Who are you calling a ho?

May 8, 2009 § 5 Comments

So, I am a second-term high school senior. These are words that should be music to my ears, but I have actually been extremely stressed out with endless amounts of work. I am, however, having a great time working on a research paper about sex workers in Pakistan. The paper is still in its early stages right now (I will post it when it’s finished) but there is a really interesting issue I wanted to discuss here with all of the fabulous members of the women’s glib community.

The topic of sex work has raised many questions and debates both amongst feminists and in society in general. One major question that I am addressing in my paper is about how we, both as feminists and as members of the global community, should approach sex work. Within feminist approaches to sex work, there are two major view points that I’ve encountered. On the one hand, there are those who argue that sex work is an inherently abusive system that is based on manipulating women, especially poor women, and should be abolished. Then, there are the people who argue that sex workers should be viewed as just that–workers. They argue that the abusive and manipulating aspects of sex work would be more easy to address and diminish if the focus was on protecting the rights of sex workers through legislation and unionization. Personally, I would fall in the second camp because I think that if we treat sex workers as workers as opposed to bad people, their voices will be heard much more and the stigma that we associate with sex work would be less powerful.

I’m really interested in finding out more about what feminists, particularly young feminists, have to say about sex work. If anyone has any insight or opinions on sex work, both in the U.S. and internationally, please share them!


§ 5 Responses to Who are you calling a ho?

  • S. says:

    I mostly agree. Women should certainly be able to choose their career paths, and be treated with dignity and respect for it, whatever it may be. Sex workers are women who provide a service that many people want, and there’s nothing wrong with that.

    But before our culture can treat sex workers with the respect they deserve and give them rights, it needs to sort out how it views sex and how it views women. If a woman chooses to sell her body and get paid for sex, she is objectifying herself to some level. But it is up to the customer, the country, and our society to separate the woman from what she does. She is not just sex and she does not deserve to be treated like a second class human being.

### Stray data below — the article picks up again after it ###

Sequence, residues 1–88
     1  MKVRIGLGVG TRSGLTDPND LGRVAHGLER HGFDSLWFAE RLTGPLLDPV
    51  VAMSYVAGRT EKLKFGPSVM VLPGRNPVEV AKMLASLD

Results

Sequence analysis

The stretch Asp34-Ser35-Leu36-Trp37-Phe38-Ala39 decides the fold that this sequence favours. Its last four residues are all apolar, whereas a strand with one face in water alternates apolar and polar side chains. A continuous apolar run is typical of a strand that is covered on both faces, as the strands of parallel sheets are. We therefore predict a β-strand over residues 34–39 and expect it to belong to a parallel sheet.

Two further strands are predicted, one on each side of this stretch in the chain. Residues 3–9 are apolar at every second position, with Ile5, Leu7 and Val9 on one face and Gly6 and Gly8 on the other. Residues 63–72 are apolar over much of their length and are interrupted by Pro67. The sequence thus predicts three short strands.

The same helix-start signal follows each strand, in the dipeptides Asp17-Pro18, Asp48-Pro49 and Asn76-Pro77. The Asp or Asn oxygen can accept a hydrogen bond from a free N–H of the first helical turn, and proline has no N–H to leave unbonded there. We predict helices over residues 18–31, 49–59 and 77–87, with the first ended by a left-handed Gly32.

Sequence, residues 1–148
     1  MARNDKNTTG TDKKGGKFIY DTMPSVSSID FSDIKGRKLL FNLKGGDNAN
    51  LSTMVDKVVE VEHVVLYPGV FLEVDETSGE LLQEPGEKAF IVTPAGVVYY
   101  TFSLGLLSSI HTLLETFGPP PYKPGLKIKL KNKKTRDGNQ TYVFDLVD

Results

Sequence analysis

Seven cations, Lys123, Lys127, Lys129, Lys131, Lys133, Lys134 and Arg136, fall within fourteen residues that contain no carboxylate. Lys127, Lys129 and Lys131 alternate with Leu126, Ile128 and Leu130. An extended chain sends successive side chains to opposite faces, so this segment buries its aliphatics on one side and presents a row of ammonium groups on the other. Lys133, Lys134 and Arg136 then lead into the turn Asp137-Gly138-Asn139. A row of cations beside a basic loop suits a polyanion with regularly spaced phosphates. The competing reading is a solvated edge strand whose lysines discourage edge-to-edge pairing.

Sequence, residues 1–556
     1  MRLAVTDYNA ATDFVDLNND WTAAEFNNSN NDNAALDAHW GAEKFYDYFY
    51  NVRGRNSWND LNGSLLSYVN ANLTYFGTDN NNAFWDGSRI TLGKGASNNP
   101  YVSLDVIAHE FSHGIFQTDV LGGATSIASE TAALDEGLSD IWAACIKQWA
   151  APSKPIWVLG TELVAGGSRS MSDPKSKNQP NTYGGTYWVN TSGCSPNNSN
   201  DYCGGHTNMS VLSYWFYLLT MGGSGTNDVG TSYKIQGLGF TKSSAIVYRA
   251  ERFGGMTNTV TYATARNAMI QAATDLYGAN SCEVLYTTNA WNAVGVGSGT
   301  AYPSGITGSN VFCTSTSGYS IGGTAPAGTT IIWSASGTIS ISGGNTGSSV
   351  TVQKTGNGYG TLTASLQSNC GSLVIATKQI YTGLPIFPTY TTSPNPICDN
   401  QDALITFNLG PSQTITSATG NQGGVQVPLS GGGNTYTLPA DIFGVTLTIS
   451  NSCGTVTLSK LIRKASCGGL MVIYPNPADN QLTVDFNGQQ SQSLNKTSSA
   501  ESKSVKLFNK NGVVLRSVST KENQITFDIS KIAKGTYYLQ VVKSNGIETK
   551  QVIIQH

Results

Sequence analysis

Our culture has this idea that you are either a sweet little innocent saint or a syphilitic crazy whore. Prostitutes who CHOOSE their profession are perceived as the latter and so many think it is okay to deny them worker’s rights. Before sex workers are granted the rights they deserve, we need to spend a whole lot of time clearing up the issues we have around sex.

    Hope that was vaguely coherent.

    Love your blog, keep on keeping on.

  • Goodfriend says:

    I remember when i was in South East Asia last summer i would talk to a lot of travelers who had been to Bangkok (where im spending 10 days this summer!) and they said that many of the women participating in the “sex trade” there actually regard their work as strictly business…..in, out, their done. However, if they grew up in a society where they felt like there were other options for making a living that didn’t involve the dangers as well as the “specialness” that can come with sex, they probably wouldn’t choose to be in that line of work.

    Also, if you’d like to learn about the “sex trade” in NYC, there’s a FABULOUS documentary called “Very Young Girls” that I saw that directly applies to your subject. Very powerful!
    Also, in conjunction with that, there’s an organization called GEMS that “empowers young women, ages 12-21, who have experienced sexual exploitation and domestic trafficking to exit the commercial sex industry and develop to their full potential.”

    Good Luck on your paper!!
    Sasha G

  • EG says:

    renegadeevolution.blogspot.com is a great blog regarding women involved in erotic industries.

    Also, some of the commentary surrounding Marilyn Chambers’ death unfortunately fell in the “look-how-being-in-porn-ruined-this-woman” category, which I found sickening.

    Although there are certainly some women who are sex workers against their will, there are women who deeply enjoy working in the sex industry, and they should not be demeaned or shamed because of that.

  • Silvia says:

    Thank you all for your insight. S. brought up a great point about how much the way our society views sex impacts the way we view sex workers. It’s a point I am emphasizing in my paper. These comments are all really helpful. Thank you!

  • I’m also inclined to think that removing the stigma from sex work and giving voice to the women (and men!) involved is the right way for us to move. You should definitely check out Alexa Albert’s book Brothel: Mustang Ranch and Its Women”> for an inside look at life for legalized prostitutes and an examination of the pros and cons.

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